Jackhammers, nail guns and saws will fill the campus soundscape this summer. Swarthmore is planning a series of construction projects that will update Worth Health Center, Parrish Hall, the Lang performing Arts Center, Hicks Hall and Papazian Hall. The projects are part of the five-year plan, a short term part of the College’s Strategic Plan that is approved year to year by the Board of Managers. The plans for this summer, which have been delayed since the start of the Great Recession, were validated this February.
Worth Health Center
Worth Health Center will receive the most extensive improvements, undergoing what contractors call a “gut renovation,” which will knock out all but the exterior walls and entirely reconfigure the inside of the building. Two additions will be also be attached to either end of the health complex, one for a patient bedroom and the other for additional space for the CAPS mental health program. Health Center Director Beth Kotarski said that the exigencies of modern college health made the reconfiguration necessary. “We do a lot of services that we didn’t do in the sixties,” she said. “It’s time for the update. The flow of care and the way we can staff will be improved — it’s going to change the way we do business.”
Many of the shingles on Parrish Hall’s iconic domes date back to a fire that gutted the structure in 1881. These, along with other worn parts including the metalwork and interior woodwork, will be replaced this summer as the domes receive their first repairs since 1982.
The air conditioning system in Parrish will also be revamped, with the current noisy in-window units being replaced by a central air system. The new system will eventually be put in place in the basement and on the first and second floors, but it is not yet decided how much of the project beyond the first floor will be completed this summer.
Lang Performing Arts Center
The Lang Performing Arts Center (LPAC) will be closed this summer to allow for several interior updates, including the addition of handicap-accessible bathrooms to the lower level, new seating in Pearson Hall Theater and a new projection system in the Cinema. Additionally, vestibules will be added to the doors of Pearson Hall to eliminate the pesky flash of light and sound that occurs when stragglers enter the Theater. This design flaw has long bothered Stu Hain, VP for Facilities and Services. “We try to get things right the first time,” he said, “and we usually do. But when we make a mistake, it feels good to correct it.”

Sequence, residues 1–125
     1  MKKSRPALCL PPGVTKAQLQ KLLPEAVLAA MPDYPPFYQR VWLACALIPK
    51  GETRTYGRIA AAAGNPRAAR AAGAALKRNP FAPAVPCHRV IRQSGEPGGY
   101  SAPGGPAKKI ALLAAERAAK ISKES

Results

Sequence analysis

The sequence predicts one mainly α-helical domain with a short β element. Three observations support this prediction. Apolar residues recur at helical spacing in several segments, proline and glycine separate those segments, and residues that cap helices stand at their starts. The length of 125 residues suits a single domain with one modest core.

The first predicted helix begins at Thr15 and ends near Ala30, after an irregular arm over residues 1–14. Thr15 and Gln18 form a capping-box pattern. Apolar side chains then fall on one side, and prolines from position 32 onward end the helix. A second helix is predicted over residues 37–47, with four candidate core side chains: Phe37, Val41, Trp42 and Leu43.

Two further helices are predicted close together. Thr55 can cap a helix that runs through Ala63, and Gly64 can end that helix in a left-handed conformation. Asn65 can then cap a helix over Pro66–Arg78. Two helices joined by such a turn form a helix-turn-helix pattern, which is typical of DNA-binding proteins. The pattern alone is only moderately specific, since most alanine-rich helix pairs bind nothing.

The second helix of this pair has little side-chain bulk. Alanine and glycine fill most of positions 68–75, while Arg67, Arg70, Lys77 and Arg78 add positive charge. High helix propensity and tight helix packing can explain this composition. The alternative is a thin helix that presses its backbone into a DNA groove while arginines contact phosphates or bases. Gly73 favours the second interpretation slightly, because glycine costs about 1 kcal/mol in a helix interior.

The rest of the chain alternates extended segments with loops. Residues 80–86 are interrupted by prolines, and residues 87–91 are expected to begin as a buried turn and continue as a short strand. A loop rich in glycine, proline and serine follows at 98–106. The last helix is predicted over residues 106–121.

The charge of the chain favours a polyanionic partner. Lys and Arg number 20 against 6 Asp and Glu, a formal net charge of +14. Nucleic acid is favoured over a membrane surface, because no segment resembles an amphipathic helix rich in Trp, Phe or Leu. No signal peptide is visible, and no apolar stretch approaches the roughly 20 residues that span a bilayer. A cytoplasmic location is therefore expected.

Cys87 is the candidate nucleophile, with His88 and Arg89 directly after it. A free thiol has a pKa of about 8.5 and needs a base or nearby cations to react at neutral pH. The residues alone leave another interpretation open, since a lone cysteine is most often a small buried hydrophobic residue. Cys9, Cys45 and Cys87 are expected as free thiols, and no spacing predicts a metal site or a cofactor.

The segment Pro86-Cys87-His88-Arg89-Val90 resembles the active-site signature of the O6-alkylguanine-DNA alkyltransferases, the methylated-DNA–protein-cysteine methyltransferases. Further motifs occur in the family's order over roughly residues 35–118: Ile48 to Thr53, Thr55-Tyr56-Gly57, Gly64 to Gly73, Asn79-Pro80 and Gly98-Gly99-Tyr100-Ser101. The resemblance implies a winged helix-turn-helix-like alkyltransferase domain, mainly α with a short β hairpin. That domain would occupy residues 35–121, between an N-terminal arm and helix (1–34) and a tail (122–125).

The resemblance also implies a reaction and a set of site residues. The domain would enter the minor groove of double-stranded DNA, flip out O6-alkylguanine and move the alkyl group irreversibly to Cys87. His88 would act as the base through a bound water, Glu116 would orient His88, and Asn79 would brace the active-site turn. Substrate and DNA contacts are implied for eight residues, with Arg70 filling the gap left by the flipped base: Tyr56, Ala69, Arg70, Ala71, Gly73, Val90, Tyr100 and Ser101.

LPAC will also receive a new “green roof”. It will become the largest on campus, far outsizing the roofs of Alice Paul and David Kemp dormitories. Adding a green roof, which involves placing soil and vegetation atop a building, reduces energy costs by adding insulation and purifies the rainwater that falls on it.
When ABET, an engineering education accreditation organization, told Swarthmore’s engineering department last year that it would lose its accreditation if it failed to update its facilities, renovations to Hicks Hall were vaulted up the list of construction priorities on campus. The renovations planned on Hicks for this summer will bring the engineering department into compliance with ABET as well as improve psychology and biology facilities in the building.
In addition to upgrading the nuts and bolts of laboratory facilities in Hicks, a revamping of study spaces in the building is planned to accommodate student tendencies to work in groups. A new lounge space will be added alongside new robotics and computer labs.
Lab space will also be enhanced in Papazian Hall, where lab space will be added on the roof for the psychology department alongside a preexisting lab. The fourth floor of Papazian will also be made more accessible in accordance with the Americans with Disabilities Act.
Administrators say that these measures to update campus facilities will be paired with an extensive data collection project to identify long-term Strategic Planning goals with regard to facilities. The effort will eventually be turned into a master plan which will “cohesively define how the physical campus will best support the College’s future.” An administration press release discussing the summer construction projects and the early steps of compiling the master plan said the Swarthmore community would be involved in the process.
“There will be numerous opportunities for the community to offer suggestions and feedback as the planning unfolds over the course of the next year,” the release said. “From this planing process, it is imagined that additional facilities projects will result in the creation of new academic and reconfigured community spaces.”